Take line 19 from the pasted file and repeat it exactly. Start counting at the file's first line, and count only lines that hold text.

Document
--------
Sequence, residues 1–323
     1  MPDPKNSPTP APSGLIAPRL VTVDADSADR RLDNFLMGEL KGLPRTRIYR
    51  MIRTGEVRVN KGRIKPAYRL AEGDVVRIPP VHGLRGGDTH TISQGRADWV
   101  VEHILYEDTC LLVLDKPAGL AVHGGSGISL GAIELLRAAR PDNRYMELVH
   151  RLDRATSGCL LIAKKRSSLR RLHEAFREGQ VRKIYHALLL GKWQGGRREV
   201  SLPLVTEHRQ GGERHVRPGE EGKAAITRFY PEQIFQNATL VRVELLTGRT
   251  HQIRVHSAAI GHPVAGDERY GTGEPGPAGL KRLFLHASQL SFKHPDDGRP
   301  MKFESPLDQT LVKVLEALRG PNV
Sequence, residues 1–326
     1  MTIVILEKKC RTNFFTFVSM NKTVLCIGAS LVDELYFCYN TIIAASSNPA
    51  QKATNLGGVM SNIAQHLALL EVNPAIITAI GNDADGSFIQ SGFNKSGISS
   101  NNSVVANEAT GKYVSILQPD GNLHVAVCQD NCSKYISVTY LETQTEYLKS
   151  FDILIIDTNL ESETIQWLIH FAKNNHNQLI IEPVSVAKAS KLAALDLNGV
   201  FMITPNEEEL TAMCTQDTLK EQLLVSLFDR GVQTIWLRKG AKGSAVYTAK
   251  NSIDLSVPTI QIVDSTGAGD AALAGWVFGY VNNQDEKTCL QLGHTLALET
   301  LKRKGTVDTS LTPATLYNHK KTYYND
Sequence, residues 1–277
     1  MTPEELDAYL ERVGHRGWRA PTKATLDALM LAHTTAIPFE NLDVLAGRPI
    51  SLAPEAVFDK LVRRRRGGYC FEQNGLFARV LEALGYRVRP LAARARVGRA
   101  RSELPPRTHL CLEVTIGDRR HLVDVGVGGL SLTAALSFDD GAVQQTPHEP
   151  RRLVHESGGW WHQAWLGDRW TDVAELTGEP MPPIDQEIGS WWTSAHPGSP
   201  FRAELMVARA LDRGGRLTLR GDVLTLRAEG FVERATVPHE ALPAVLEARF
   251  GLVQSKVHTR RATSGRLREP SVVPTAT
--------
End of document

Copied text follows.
    51  SLAPEAVFDK LVRRRRGGYC FEQNGLFARV LEALGYRVRP LAARARVGRA